Food Insecurity Among Community College Students: Prevalence and Association With Grade Point Average

Document Type

Journal Article

Publication Title

Community College Journal of Research and Practice

Publication Date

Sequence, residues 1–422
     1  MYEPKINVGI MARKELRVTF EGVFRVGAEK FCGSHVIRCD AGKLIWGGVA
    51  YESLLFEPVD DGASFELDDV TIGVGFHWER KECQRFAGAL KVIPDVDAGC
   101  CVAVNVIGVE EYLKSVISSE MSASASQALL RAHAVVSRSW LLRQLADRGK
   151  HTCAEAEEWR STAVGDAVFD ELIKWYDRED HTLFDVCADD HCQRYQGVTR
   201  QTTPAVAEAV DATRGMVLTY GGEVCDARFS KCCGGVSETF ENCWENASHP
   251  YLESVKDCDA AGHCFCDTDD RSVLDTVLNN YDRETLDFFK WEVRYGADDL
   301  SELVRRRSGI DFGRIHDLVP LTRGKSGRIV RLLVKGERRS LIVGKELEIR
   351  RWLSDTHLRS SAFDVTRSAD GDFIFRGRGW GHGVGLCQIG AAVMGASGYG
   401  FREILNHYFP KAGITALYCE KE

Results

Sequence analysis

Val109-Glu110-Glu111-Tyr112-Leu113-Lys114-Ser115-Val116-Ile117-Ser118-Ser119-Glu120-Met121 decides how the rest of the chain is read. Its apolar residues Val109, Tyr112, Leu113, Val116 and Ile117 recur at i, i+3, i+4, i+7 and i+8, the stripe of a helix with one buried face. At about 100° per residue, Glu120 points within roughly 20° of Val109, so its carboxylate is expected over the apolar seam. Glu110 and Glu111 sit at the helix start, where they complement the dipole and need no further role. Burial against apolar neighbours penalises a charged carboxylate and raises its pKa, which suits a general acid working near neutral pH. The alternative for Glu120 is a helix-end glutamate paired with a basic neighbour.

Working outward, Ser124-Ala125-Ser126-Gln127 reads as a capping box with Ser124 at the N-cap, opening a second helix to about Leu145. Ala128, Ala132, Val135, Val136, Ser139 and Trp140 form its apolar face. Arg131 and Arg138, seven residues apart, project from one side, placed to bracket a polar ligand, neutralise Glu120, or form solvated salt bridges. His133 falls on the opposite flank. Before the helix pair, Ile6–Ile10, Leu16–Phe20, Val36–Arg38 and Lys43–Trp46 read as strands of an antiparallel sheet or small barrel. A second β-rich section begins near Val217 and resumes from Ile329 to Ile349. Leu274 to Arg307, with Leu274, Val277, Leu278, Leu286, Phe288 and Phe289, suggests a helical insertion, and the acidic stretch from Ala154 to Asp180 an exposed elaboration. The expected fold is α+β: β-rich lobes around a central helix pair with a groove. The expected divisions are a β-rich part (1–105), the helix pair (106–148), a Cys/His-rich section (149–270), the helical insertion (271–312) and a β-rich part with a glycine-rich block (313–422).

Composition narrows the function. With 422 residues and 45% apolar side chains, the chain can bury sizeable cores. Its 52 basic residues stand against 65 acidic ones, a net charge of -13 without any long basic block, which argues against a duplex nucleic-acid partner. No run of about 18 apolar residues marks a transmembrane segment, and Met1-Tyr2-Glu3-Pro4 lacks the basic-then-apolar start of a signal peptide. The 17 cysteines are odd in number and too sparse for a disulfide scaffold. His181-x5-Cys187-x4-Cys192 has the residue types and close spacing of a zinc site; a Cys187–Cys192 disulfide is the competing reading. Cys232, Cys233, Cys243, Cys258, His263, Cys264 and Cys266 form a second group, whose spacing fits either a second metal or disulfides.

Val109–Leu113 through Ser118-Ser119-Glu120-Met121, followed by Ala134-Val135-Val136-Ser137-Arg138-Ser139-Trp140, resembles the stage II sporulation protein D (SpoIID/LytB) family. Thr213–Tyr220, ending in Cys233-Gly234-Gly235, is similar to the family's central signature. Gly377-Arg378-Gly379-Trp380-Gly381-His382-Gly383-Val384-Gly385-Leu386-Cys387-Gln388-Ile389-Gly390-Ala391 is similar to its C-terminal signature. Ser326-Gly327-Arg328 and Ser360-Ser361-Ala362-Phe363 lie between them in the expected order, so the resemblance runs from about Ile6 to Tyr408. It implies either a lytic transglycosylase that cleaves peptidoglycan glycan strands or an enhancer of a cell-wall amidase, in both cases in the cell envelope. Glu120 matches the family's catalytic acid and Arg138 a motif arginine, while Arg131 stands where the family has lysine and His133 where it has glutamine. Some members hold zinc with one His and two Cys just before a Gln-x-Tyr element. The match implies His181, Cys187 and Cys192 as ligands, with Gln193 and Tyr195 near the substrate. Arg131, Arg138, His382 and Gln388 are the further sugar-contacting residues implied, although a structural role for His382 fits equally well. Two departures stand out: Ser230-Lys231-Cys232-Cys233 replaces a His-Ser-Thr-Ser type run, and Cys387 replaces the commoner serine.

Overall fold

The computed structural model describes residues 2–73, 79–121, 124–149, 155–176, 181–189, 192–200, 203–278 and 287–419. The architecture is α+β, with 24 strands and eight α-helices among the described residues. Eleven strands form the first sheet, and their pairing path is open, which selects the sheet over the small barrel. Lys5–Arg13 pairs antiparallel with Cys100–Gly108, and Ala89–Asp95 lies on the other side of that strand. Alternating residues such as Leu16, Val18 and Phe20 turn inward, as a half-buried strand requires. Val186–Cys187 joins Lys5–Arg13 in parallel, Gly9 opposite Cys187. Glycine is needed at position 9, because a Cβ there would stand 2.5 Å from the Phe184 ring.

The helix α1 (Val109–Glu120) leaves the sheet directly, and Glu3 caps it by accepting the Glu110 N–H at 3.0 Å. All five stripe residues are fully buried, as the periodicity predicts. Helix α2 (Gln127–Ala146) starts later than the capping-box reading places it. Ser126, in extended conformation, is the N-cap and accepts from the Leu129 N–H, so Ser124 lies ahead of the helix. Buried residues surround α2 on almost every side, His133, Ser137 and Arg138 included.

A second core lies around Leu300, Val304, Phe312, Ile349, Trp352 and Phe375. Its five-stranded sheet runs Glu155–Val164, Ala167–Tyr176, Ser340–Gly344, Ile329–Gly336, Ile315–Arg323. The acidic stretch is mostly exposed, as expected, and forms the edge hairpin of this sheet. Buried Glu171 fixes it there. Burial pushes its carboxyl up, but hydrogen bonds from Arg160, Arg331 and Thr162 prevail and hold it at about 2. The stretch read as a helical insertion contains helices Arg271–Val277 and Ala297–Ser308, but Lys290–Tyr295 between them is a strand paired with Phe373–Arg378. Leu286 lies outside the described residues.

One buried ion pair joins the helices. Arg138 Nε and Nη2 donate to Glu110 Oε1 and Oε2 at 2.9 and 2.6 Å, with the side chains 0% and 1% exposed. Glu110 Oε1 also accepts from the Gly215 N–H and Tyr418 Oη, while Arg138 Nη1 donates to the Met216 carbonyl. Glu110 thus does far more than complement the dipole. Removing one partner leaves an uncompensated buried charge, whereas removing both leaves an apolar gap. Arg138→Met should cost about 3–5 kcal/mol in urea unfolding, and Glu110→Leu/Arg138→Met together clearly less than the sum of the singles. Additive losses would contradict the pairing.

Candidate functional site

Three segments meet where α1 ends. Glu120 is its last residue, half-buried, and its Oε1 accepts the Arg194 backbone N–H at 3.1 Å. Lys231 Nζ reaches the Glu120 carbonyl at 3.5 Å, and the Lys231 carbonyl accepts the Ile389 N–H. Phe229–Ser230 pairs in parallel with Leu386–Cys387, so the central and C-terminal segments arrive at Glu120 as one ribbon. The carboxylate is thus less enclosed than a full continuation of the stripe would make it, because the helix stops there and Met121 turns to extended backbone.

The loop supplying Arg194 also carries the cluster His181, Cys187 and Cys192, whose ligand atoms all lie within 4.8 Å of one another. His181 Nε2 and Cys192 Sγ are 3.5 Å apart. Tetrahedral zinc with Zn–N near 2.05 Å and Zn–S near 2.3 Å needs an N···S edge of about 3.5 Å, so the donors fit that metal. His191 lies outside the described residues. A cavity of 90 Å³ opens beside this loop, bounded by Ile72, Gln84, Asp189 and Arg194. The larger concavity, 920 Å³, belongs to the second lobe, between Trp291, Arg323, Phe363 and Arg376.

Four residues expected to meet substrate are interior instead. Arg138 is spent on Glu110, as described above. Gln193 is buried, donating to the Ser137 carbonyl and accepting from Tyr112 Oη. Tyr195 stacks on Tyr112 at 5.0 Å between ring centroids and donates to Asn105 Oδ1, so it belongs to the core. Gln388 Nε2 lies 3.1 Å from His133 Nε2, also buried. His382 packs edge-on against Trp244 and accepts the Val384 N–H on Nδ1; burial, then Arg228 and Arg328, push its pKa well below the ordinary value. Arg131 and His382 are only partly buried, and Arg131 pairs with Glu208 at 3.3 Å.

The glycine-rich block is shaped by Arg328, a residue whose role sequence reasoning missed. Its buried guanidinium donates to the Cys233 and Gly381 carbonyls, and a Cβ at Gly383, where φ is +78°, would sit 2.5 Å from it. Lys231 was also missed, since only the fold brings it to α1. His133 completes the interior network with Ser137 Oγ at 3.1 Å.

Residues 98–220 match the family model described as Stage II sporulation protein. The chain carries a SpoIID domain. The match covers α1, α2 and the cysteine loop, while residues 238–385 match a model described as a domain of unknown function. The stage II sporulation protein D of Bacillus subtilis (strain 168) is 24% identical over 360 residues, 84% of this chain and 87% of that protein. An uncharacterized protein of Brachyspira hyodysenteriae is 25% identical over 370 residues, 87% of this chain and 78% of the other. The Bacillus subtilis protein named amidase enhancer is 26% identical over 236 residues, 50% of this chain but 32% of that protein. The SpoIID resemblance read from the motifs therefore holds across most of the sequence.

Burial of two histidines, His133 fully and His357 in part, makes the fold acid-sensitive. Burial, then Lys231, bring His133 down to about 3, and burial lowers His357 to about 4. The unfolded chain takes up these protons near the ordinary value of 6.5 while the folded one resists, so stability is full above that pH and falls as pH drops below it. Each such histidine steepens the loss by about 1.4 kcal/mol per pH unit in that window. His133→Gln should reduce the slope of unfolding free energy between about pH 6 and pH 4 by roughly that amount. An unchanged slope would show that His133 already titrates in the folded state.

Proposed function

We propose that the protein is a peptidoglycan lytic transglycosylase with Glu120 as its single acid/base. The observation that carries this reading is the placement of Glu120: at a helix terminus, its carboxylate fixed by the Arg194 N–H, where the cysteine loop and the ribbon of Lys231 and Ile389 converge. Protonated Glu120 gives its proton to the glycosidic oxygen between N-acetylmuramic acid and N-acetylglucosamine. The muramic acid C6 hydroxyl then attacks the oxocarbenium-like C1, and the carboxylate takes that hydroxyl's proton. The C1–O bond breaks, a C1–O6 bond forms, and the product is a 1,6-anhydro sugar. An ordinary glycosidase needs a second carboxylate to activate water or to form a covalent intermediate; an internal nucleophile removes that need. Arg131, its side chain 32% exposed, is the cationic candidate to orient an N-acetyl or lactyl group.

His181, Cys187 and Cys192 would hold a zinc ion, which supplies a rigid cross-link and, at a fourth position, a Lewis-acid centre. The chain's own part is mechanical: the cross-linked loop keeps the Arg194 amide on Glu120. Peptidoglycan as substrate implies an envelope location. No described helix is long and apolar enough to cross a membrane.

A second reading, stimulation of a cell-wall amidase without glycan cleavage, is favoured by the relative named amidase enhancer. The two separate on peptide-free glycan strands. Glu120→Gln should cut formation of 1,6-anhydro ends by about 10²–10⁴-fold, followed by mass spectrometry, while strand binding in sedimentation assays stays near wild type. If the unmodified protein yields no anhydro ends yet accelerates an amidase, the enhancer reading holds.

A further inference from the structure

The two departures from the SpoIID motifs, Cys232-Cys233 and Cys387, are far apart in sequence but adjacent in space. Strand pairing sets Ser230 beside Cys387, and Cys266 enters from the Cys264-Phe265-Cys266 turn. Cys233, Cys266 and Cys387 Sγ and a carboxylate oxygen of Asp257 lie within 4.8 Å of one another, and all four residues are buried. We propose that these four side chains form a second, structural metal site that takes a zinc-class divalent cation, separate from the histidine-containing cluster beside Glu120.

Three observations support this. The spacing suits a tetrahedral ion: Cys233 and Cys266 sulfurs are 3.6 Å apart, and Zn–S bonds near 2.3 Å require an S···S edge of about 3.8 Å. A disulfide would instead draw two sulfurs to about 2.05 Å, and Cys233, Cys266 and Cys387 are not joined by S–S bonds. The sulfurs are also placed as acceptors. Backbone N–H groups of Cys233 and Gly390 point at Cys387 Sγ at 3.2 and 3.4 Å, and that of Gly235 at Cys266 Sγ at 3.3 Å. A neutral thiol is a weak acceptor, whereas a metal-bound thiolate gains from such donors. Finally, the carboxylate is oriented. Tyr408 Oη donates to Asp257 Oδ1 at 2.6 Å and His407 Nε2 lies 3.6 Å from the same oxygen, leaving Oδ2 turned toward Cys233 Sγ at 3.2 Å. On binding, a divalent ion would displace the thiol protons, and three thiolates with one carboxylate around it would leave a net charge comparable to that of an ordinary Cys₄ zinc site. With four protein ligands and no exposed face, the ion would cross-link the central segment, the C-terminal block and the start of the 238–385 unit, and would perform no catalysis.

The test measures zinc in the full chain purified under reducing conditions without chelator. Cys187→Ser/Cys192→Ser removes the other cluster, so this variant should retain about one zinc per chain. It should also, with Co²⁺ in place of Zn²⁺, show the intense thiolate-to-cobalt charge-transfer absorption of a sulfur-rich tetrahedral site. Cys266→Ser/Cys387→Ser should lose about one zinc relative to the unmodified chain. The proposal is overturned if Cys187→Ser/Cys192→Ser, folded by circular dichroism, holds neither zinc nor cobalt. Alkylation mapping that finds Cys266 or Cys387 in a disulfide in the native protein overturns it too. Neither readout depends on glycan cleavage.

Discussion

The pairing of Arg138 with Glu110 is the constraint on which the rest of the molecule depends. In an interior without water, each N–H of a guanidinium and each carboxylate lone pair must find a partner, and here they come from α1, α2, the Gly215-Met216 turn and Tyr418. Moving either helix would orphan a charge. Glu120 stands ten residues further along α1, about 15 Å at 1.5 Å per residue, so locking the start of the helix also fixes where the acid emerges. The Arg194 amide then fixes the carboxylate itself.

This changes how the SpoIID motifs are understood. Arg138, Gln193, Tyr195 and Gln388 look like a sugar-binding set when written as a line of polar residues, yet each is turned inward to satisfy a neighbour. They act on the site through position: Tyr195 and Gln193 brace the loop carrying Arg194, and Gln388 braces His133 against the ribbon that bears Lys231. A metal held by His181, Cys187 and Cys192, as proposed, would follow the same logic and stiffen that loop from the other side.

This study investigated the prevalence of food insecurity among community college students (N = 301) and the relationship between food insecurity and student grade point average (GPA). It employed a cross-sectional intercept survey, utilizing the U.S. Department of Agriculture’s Household Food Security Survey Module, student self-reported GPA, and demographic variables. The research setting was two community colleges in Maryland—one located in a low income urban area and one located in an affluent suburban area. Results demonstrate that 56% of the students in the overall sample were classified as food insecure. Students at higher risk of food insecurity included those who reported living alone and those who reported being single parents. Students identifying themselves as African American or as multiracial were also at increased risk for food insecurity. Food insecure students were more likely than food secure students to report a lower GPA (2.0–2.49) versus a higher GPA (3.5–4.0). Data suggest that food insecurity is an issue for a large percentage of the community college student sample. Food insecurity may have adverse effects on student academic performance and is a factor to be considered by college administrators, faculty, and students.